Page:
"I call on [Turkish President Recep] Tayyip Erdoğan for a mutual approach in which we will take brave steps," said newly elected Greek Prime Minister Kyriakos Mitsotakis in one of the first speeches that he gave following his inauguration as prime minister last week. These words followed by a series of statements that gave the green light to Turkey on several issues, from the extradition of Gülenist Terror Group (FETÖ) fugitives to the improvement of bilateral ties, creating an atmosphere that signals the beginning of a new page in Turkish-Greek relations.
However, despite this positive rhetoric that encapsulates the diplomatic statements, according to experts, it is hard to take the new prime minister's remarks as sincere comments that reflect real politics, considering recent developments and the history that shapes the two countries' stance against each other.
"It is true that there is a positive atmosphere that might stem from his family's roots. However, it is impossible for me to think that his statements are sincere considering the current state of Greece," said Hüsamettin İnaç.
"I believe that these statements were only mentioned to ease Turkey and gain some time to act on certain issues. These statements do not reflect reality," he added.
In the beginning of the month, Mitsotakis, leader of the center-right New Democracy (ND) Party, was sworn in as prime minister of Greece after having won over 39.85 percent of the vote and 158 out of a possible 300 seats in the July 7 national parliamentary election, in which all seats were contested. Compared to previous Prime Minister Alexis Tsipras, Prime Minister Mitsotakis is seen by the people as more serious, better educated and more conservative, as well as a lover of the ideals of the EU. Mitsotakis is the son of former Prime Minister Konstantinos Mitsotakis, one of the country's longest-serving parliamentarians. His sister, Dora Bakoyannis is a former minister and Athens' first female mayor.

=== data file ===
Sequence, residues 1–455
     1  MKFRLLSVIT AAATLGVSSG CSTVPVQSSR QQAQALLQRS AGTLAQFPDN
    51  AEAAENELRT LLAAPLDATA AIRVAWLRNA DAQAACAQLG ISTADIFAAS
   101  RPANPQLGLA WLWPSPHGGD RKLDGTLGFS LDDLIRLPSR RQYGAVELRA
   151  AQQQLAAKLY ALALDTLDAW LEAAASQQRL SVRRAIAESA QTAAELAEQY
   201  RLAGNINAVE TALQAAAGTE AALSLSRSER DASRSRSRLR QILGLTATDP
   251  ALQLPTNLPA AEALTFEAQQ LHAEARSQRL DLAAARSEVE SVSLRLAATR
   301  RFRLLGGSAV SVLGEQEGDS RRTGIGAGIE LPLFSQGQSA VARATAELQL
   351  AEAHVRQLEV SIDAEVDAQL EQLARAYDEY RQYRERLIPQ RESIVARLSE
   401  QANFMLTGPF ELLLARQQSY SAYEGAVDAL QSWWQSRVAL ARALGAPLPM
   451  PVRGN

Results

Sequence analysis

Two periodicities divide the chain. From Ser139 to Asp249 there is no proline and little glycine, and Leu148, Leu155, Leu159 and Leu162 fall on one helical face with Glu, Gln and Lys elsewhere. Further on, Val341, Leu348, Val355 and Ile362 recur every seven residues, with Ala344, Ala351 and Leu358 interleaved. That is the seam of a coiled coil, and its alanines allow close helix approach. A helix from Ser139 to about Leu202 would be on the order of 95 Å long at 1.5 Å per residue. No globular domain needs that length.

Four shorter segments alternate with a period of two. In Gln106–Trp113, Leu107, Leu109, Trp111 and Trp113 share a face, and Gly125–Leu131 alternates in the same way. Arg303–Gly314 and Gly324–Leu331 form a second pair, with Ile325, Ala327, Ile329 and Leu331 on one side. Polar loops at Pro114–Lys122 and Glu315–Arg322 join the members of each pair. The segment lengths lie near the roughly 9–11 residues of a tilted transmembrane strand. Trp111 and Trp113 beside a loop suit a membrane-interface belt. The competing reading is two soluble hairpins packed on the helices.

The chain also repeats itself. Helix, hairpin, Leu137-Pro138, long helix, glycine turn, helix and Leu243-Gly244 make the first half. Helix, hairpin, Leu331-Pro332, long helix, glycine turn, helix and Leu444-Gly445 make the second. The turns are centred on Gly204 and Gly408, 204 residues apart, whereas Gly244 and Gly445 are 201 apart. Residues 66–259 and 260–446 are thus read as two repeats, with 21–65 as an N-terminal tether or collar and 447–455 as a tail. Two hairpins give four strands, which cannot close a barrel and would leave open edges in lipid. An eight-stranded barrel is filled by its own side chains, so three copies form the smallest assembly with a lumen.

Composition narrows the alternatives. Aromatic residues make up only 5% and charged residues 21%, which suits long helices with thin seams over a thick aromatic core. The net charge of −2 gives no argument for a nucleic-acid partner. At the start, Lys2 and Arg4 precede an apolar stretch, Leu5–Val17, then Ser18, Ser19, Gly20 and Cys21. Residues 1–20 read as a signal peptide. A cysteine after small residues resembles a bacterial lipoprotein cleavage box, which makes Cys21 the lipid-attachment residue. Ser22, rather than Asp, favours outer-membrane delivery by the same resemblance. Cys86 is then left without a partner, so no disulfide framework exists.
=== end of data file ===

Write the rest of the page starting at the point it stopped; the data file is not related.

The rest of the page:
Konstantinos Mitsotakis, who passed away in 2017 and was in power from 1989 to 1992, had good relations with then Turkish prime ministers Süleyman Demirel and Turgut Özal. After the 1967 Greek military Junta coup, he fled to Turkey and later France.
In İnaç's opinion, regardless of positive statements, Greece still sees Turkey as a threat. Yet, still, it would be wrong to assume that the country can only act on its own interests, considering the conditions that it suffers.
"It is a bankrupt country that has no power without bigger states that support it such as the U.S. and Germany. It has no voice in the EU. It is under the shadow of bigger powers. When there are no foreign powers to support it, Greece has no self-determination," İnaç said. Greece's economy shrank by a quarter, and poverty and unemployment levels soared during the country's nearly decade-long financial crisis. Although its finances are on the mend and the economy is expected to grow by 2.2% this year, it still has a long way to go to make up the economic output lost.
According to political scientist Oğuzhan Bilgin, however, these statements are nothing but diplomatic rhetoric.